16 4휋푟2푡푟 = 퐼2휔6. 4 5

I represents the quadrupole moment tensor, the components of which are the components of the 2 푟 moment of inertia of the binary system radiating gravitational waves, 4r 푡4 is the rate of energy 푟 loss due to gravitational waves and 푡4 (along the radius/radial component) is the energy component of the gravitational field. A binary system consists of two bodies at distances. The orbits are 8 elliptical and lie on the plane. The binary system loses energy by emitting radiation, the orbital angular frequency increases and the distance between the two bodies diminishes.

In his 1922 paper, "The Propagation of Gravitational Waves", Eddington re-derived Einstein's 1918 quadrupole formula and obtained the following result:

32 4휋푟2푡푟 = 퐼2휔6. 4 5

Eddington concluded that there is a discrepancy between the two formulas, his and Einstein's, and explained that it was due to a numerical slip in one or the other investigation. It turned out that the numerical slip was in Einstein's 1918 investigation where he had accidently introduced the factor 1/2, because of a minor calculation mistake (Eddington 1922, 279).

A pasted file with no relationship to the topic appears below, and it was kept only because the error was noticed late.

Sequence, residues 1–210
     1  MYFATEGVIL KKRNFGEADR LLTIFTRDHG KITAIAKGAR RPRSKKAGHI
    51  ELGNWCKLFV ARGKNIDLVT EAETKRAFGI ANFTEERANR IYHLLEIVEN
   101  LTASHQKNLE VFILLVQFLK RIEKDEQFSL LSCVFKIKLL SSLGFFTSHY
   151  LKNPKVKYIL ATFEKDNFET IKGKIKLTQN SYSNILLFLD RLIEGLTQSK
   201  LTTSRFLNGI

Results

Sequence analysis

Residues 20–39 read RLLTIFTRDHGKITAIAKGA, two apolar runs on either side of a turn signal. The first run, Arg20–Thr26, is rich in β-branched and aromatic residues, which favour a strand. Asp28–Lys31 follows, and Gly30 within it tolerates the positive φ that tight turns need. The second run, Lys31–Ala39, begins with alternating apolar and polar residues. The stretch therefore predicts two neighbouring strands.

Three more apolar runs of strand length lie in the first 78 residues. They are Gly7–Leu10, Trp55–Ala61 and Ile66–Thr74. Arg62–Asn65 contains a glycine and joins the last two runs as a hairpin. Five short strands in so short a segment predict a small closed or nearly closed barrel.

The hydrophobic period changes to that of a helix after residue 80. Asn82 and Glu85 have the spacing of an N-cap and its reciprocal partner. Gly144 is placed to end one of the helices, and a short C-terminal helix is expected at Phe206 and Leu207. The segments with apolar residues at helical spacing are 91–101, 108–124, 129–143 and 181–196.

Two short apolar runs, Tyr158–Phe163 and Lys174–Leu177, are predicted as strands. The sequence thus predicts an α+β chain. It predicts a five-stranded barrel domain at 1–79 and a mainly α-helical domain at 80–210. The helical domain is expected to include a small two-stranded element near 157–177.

References

Eddington, Arthur Stanley (1922) "The Propagation of Gravitational Waves." Proceedings of the Royal Society of London A 102, 268-282. Einstein, Albert (1913), "Zum gegenwärtigen Stande des Gravitationsproblems." Physikalische Zeitschrift 14, 1249-1262. Einstein, Albert (1916a). "Die Grundlage der allgemeinen Relativitätstheorie." Annalen der Physik 49, 769-822. Einstein, Albert (1916b). "Näherungsweise Integration der Feldgleichungen der Gravitation." Königlich Preußische Akademie der Wissenschaften (Berlin). Sitzungsberichte, 688–696. Einstein, Albert (1918). "Über Gravitationswellen." Königlich Preußische Akademie der Wissenschaften (Berlin). Sitzungsberichte,154–167. Weinstein, Galina (2015). General Relativity Conflict and Rivalries: Einstein's Polemics with Physicists, (Newcastle, UK: Cambridge Scholars Publishing).